Based on the huge influence of both the Walloone Calvinists in the 16th century (first two Dutch Reformed Synods were bilingual) and the direct link between Guillaume d'Orange and French Huguenots it might be more helpful to propose a different reading; The Bilingual Republic.
So many hard to understand facts of Dutch history fall into place once we accept this heuristic. But let's add Emden to the mix. At the 1571 Emden Synod three documents were adopted:
'The synod affirmed the presbyterian character of the Reformed Church, organized churches within a geographical region into "classes", adopted the 1561 Confession of Faith (later known as the Belgic Confession), and approved use of the Heidelberg Catechism in Dutch-speaking congregations while promoting the Geneva Catechism for French-speaking churches'The bilingual character of the Dutch Church is obvious from this short statement. The influence of Petrus Datheen is obvious as well. He became president of the bilingual synode in 1578. Also note the synods of 1566/1567 where armed revolt is authorized against a government that suppresses religious and civil liberties. The tensions between Petrus Datheen and Guillaume d'Orange that led to Datheen's eventual exile might have had a linguistic diminsension as well.
Did Datheen meet Knox in London and Frankfurt? Their Relationship and the refugee churches in Frankfurt might be of interest. Much emphasis has been placed on political thought and the Dutch revolt. Both a 19 century discussion of the proceedings of the 1571 Emden synod and Martin van Gelderen's misleading comment that the adoption of the French confession of faith was (merely) in recognition of the link with the French protestant churches are illustrations of how the French aspect of Dutch protestantism is not properly understood by most historians. Dutch historians dissmissing the factual claim concerning the Walloone origins of the founder of New York last year, illustrate this same phenomenon.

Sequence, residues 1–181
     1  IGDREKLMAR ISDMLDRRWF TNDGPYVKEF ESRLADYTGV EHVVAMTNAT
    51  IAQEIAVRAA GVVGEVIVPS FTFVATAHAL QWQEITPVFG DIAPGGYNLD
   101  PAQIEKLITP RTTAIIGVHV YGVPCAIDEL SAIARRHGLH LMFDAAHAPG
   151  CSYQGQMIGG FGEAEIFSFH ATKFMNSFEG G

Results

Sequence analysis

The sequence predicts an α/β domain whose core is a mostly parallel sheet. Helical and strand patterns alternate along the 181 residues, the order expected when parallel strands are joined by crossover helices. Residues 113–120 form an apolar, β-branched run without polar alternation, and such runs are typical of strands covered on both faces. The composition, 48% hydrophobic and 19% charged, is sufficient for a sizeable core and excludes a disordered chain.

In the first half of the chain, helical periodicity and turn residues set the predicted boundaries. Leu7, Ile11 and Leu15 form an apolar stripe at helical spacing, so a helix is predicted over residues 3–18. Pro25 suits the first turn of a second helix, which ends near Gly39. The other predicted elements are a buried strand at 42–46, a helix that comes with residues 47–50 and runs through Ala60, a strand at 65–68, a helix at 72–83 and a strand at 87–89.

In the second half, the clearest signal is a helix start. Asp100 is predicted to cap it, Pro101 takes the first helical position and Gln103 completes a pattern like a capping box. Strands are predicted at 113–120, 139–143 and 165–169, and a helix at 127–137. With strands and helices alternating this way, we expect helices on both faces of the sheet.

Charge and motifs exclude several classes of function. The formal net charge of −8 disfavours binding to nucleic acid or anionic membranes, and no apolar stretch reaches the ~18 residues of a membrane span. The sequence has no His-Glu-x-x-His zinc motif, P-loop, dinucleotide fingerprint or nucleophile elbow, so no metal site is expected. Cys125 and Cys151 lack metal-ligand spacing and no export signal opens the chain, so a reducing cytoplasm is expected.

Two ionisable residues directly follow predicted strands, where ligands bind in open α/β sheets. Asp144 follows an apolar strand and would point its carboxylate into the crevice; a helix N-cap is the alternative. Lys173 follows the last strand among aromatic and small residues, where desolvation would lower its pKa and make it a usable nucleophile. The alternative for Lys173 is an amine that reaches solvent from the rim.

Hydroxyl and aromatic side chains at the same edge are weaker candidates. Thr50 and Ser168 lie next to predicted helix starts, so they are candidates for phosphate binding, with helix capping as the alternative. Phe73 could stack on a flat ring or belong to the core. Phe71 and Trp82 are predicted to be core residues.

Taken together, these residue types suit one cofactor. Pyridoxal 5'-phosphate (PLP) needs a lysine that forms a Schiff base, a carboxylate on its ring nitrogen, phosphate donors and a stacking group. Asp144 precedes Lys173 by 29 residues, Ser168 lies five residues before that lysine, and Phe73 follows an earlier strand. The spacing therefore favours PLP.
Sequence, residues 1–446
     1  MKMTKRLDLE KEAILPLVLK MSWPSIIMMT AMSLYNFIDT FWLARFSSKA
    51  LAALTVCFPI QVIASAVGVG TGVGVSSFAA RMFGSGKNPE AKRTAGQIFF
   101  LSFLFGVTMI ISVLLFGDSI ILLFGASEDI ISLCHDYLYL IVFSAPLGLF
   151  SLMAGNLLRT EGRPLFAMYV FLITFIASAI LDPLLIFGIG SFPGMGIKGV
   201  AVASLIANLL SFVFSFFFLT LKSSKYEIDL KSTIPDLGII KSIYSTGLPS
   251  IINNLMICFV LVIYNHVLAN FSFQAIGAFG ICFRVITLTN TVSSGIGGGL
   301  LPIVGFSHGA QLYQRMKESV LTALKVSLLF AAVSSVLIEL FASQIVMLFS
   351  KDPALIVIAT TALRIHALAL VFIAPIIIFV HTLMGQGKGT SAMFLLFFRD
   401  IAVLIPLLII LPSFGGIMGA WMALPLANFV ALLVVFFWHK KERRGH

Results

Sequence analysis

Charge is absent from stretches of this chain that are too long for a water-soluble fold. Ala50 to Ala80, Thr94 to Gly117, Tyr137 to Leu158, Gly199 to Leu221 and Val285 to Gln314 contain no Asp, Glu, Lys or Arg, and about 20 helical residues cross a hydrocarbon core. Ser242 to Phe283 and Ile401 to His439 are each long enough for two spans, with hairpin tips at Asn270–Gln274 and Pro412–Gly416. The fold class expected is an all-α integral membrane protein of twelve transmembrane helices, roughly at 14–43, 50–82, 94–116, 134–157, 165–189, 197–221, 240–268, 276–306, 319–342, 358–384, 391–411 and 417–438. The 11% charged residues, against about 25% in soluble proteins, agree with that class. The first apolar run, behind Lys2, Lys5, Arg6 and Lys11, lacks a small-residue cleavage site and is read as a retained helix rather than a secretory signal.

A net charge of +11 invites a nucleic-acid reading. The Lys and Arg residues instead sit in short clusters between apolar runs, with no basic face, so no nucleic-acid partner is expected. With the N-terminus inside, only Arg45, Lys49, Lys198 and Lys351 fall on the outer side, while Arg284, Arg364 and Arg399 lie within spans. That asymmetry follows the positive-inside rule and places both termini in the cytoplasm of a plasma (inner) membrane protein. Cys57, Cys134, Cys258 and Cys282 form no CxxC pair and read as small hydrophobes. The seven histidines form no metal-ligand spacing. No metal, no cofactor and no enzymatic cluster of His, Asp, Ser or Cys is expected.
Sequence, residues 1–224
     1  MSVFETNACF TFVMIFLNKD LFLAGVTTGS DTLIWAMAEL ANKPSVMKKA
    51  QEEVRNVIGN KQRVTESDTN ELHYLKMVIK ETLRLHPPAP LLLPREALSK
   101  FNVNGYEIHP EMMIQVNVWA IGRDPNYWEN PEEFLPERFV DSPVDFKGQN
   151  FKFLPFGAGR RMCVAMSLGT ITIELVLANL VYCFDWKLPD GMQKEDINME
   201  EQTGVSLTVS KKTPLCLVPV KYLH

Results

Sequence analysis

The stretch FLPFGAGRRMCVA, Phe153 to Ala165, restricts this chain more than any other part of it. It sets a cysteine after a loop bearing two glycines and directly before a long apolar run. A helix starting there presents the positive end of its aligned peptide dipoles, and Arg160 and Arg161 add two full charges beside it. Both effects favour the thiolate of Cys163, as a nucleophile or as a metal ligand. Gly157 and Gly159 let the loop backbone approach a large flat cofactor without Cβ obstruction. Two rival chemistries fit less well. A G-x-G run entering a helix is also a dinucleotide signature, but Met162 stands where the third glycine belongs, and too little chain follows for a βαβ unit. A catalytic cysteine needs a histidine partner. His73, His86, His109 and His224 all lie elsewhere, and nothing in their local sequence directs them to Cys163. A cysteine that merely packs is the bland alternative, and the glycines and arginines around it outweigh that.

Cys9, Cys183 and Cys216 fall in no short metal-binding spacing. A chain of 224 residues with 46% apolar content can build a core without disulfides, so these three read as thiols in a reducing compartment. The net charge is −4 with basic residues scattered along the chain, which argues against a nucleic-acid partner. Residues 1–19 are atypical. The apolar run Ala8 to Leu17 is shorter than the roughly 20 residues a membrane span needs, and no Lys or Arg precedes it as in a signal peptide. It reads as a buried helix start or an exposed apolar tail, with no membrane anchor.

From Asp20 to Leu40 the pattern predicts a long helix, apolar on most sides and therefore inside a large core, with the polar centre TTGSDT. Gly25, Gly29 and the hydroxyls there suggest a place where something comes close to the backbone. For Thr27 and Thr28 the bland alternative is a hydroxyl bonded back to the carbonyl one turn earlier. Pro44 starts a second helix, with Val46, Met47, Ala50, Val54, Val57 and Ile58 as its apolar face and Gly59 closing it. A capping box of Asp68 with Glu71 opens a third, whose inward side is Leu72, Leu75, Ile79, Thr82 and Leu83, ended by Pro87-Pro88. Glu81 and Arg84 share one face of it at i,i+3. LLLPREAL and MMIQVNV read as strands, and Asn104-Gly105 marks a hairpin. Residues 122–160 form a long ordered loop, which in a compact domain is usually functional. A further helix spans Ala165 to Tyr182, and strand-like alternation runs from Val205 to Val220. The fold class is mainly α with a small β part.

In Wyger Velema' 'Republicans: Essays on Eighteenth-century Dutch Political Thought' we read:
'The fact that in the third quarter of the century at least six French editions of the Esprit des Lois were published in Amsterdam alone therefore tells us very little about the Dutch reception of the book. What it does suggest, however, is that iti was readily avaible to the contemporary bilingual Dutch elite-readership, well versed in both French and Dutch.'Here we see, once again, clear evidence that the Dutch Republic was a bilingual republic. However, the reference to a supposed 'elite-readership' is a symptom of the popular and persistent myth in Dutch society that associates French with the elite. Margaret Jacobs argues that radicalization among the french speaking community in the Netherlands was directly related to the persecution in France and the subsequent, related invasion of England. William the third, a direct descendend of Gaspar de Coligny, recruited his guard almost exclusively from among the Huguenot community. That in itself tells us a lot. The story of the Walloons by William Elliott Griftis might give us additional information of the role of this large community in the Dutch Republic. In the first lines of his thesis, La Grande Arche des Fugitifs? Huguenots in the Dutch Republic after 1685, Michael Joseph Walker repeats the misleading assumption that the Walloons were refugees in the Netherlands. Without Walloons The Republic would not exist. But he also acknowledges the fact that :
in the Netherlands, the Huguenots retained their separate culture and identity for the longest time of any of the areas of resettlement,arguably into the nineteenth century'A possibility is that Napoleons occupation ended this, in similar fashion as German separete identity in the US ended after the second world war.